January 30, 2023

Practice helps reduce student costs, keeps materials current

Nashua Community College has reduced costs for students by keeping tuition rates flat for the past several years, creating a laptop lending program, and lowering or eliminating the costs of textbooks for many courses.

In 2018, an NCC student taking ENGL 101 English Composition needed a $118 textbook. Since then, ENGL 101 students have had no textbook costs thanks to the development of free text materials by a team of NCC faculty, supported by a CCSNH grant.

Finding routes to No and Low-Cost (NOLO) text materials is increasingly popular. “Low Cost” refers to text materials under $40. Faculty not only develop their own texts, but they can also choose from a growing selection of free textbooks or low-cost materials available from faculty collaborators at other colleges, and publishers.

By 2020 many math courses at NCC stopped requiring traditional publisher’s textbooks, and instead adopted OpenStax math textbooks. OpenStax, published by Rice University, are an example of Open Educational Resource (OER) texts – meaning they are free and openly-licensed. Also in 2021, introductory courses in psychology and business switched from $100+ texts to course materials under $40. By Fall 2022, 28 percent of all NCC courses either did not require textbooks, or had NOLO texts. 

As required courses, Math and English have high enrollments, and create the biggest impact when converting texts to No and Low-Cost materials.

“As of last semester, 71 percent of English classes at NCC are NOLO,” said Jennifer Tripp, professor and chair of the Arts, Humanities, Communication and Design department. Now, 79 percent of math classes are NOLO as well. The term “classes” refers to all sections of a course.

“Because many students take English 101 first, they are aware of NOLO. I’ve seen it in evaluations, in the section ‘what helped you learn,’ students said it was because the textbook was free. Textbook cost is such a barrier.” Tripp led the charge to develop NOLO materials for English 101 in 2019 using OER materials along with a team of NCC English instructors: Ann Healy, Liz Fontanella, and Ann DeCiccio.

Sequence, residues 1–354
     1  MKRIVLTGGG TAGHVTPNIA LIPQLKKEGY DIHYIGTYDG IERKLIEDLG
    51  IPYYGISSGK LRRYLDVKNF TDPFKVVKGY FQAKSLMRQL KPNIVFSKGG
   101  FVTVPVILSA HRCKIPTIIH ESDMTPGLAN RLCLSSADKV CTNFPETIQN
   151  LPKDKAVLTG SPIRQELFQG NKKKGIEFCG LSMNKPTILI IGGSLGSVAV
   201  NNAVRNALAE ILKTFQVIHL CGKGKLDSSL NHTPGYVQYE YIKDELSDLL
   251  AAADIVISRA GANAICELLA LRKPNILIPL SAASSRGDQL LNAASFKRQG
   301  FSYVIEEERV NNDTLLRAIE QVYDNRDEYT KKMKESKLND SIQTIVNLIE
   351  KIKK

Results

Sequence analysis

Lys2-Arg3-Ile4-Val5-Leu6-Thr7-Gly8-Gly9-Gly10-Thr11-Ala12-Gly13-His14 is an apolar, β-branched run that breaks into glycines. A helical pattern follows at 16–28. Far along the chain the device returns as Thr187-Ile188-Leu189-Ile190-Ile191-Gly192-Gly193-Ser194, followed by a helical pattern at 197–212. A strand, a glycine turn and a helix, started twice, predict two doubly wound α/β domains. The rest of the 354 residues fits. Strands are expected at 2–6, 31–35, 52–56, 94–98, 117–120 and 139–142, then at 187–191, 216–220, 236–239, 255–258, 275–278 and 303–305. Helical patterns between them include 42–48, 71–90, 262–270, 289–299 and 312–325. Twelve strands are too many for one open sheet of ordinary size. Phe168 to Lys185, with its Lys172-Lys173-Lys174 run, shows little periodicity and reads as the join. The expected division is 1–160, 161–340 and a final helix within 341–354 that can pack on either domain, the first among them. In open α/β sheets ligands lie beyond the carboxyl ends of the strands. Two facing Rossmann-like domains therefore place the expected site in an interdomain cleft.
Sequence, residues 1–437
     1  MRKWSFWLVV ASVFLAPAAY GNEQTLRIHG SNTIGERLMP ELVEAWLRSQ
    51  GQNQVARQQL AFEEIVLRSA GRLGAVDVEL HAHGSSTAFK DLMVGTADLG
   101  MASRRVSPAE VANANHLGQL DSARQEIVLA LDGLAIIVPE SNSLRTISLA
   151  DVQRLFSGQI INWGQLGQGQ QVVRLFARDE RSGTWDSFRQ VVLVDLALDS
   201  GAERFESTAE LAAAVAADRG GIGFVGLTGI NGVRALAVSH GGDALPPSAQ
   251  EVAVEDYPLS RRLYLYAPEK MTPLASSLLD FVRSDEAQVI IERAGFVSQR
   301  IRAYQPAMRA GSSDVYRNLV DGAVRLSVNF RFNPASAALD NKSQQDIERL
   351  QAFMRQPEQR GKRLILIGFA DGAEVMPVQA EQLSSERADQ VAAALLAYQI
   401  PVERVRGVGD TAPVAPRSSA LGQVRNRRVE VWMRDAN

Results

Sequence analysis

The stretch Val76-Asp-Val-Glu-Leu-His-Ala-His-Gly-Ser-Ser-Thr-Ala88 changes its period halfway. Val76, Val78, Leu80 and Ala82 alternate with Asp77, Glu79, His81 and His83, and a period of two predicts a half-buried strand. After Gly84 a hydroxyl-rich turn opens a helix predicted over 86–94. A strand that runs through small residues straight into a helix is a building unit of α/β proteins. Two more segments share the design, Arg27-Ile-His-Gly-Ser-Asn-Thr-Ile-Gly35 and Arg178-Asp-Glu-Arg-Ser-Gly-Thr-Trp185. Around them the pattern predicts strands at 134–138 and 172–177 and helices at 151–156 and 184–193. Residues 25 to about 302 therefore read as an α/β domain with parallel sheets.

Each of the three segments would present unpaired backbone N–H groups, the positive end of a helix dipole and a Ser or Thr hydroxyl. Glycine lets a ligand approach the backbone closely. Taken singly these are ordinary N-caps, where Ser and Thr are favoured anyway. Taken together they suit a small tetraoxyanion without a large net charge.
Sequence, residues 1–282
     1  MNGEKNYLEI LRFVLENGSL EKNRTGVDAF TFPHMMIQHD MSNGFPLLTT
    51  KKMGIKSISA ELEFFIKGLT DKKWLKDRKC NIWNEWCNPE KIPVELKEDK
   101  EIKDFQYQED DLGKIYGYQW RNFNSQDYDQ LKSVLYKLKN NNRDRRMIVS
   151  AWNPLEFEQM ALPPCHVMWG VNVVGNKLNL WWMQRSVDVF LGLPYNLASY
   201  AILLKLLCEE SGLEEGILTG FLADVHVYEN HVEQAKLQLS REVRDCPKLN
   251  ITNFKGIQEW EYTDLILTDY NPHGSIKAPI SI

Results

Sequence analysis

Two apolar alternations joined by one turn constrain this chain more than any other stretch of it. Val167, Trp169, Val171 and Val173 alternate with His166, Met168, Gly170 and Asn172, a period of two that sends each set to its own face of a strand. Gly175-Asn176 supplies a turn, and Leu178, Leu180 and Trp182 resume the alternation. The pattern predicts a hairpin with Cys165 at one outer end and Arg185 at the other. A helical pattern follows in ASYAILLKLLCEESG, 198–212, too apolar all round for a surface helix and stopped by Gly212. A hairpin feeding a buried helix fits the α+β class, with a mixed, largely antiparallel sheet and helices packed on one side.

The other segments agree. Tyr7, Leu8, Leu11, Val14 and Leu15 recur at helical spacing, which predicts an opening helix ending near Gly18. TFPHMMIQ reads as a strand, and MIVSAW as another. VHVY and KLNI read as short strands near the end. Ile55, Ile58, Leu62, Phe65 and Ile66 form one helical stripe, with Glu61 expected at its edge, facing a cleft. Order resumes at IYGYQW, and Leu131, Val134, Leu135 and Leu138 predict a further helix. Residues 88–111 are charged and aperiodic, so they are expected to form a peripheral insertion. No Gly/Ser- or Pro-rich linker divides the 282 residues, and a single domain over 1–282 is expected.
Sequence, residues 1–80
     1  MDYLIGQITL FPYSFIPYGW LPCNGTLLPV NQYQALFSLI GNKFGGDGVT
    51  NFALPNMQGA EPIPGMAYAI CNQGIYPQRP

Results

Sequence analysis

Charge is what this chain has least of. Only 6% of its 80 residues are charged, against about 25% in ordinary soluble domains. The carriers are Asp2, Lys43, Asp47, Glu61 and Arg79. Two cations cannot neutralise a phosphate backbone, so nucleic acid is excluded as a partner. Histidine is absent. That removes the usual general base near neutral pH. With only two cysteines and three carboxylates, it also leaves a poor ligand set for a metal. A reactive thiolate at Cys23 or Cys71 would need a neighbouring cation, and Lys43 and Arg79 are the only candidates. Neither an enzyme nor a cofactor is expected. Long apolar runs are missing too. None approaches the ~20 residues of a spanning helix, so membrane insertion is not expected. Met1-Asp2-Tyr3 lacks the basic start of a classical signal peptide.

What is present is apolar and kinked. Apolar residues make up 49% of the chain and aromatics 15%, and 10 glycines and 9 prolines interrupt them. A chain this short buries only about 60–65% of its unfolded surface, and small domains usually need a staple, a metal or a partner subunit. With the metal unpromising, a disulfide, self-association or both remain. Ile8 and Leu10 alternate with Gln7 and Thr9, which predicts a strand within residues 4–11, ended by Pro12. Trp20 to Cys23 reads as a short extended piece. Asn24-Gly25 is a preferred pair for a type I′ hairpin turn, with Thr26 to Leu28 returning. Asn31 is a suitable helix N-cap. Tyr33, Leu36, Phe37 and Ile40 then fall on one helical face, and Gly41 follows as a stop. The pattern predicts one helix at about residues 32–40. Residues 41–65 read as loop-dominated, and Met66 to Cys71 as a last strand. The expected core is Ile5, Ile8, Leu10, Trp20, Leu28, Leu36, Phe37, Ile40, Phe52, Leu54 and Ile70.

Students can use a filter to single out NOLO classes when building their schedules. They can also have entire NOLO semesters with introductory courses like English 101, Psychology 101, Humanities 101, History 101 and Statistics 101.

NCC’s NOLO work team, made up of faculty, the Library Director, The Advising Director, and bookstore manager, meets monthly. Led by Library Director Fran Keenan, the team’s objectives include tracking NOLO courses, promoting awareness, and supporting faculty who seek NOLO resources.

“The big underlying goal is to get as many courses involved as possible,” said Keenan. The library tracks all courses that have used NOLO so far, view it online. “The college is conscious of the cost of education, and is trying to keep it affordable with NOLO, and the laptop lending program – it’s all part of a bigger movement to keep costs down.”

NCC’s laptop lending program, organized through the campus IT department, makes laptops available on a semester-by-semester basis for any students who need one. Since many NOLO resources are digital, the lending program is a critical piece for NOLO’s success. As of the first week of Spring 2023, 50 students had laptops checked out. The library also loans laptops for short term use, up to a week, with 109 checkouts in 2022 alone.

“Cost savings are not the only metric we’re paying attention to, there’s also a connection to retention and student learning,” said Keenan. “Cost savings is where you start, but it also has a positive impact on how students learn, and how people can teach, especially if they can customize their texts and course materials to their classes, and even the students can help create as in some cases, their work becomes part of the course materials.” The team is seeking data on retention and learning outcomes.

Professor Tripp emphasized that quality is not lost in NOLO development. “In my experience, these materials are the same quality if not better than conventional text, and they update more regularly. Because if you want to update a textbook, the new edition comes out, and it doubles in price. We want to keep costs down for the students. This way it’s being updated in real time.” For an example, see the English 101 text materials online.

NCC’s team has devoted significant time to developing a way to track NOLO courses and share the information, and flag NOLO courses for students. “Betsy Gamrat, a faculty member on the work team, created a tool that takes the bookstore’s information on textbooks and our course list, and merges them. That’s our starting point for seeing what qualifies as NOLO. That tool’s been really useful to track NOLO courses,” said Keenan. Gamrat is a computer science professor at NCC, and had students help develop the tool as part of a class project.

The bookstore, run by Follett, participates in the team’s work as well – they also sell hardcopy options of free digital textbooks. “Some student still prefer print, print hasn’t gone away. The bookstore will provide a print copy of a text,” said Keenan. 

The college’s work team is part of a larger NOLO movement at the Community College System of New Hampshire level and NH Open, or the New Hampshire Open Education Consortium, which comprises public and private higher education institutions across the state, as well as K-12 partners.

“It’s an exciting thing, I think awareness is growing, and we get faculty, adjuncts, who know about it already,” said Keenan, “We’re definitely making progress.”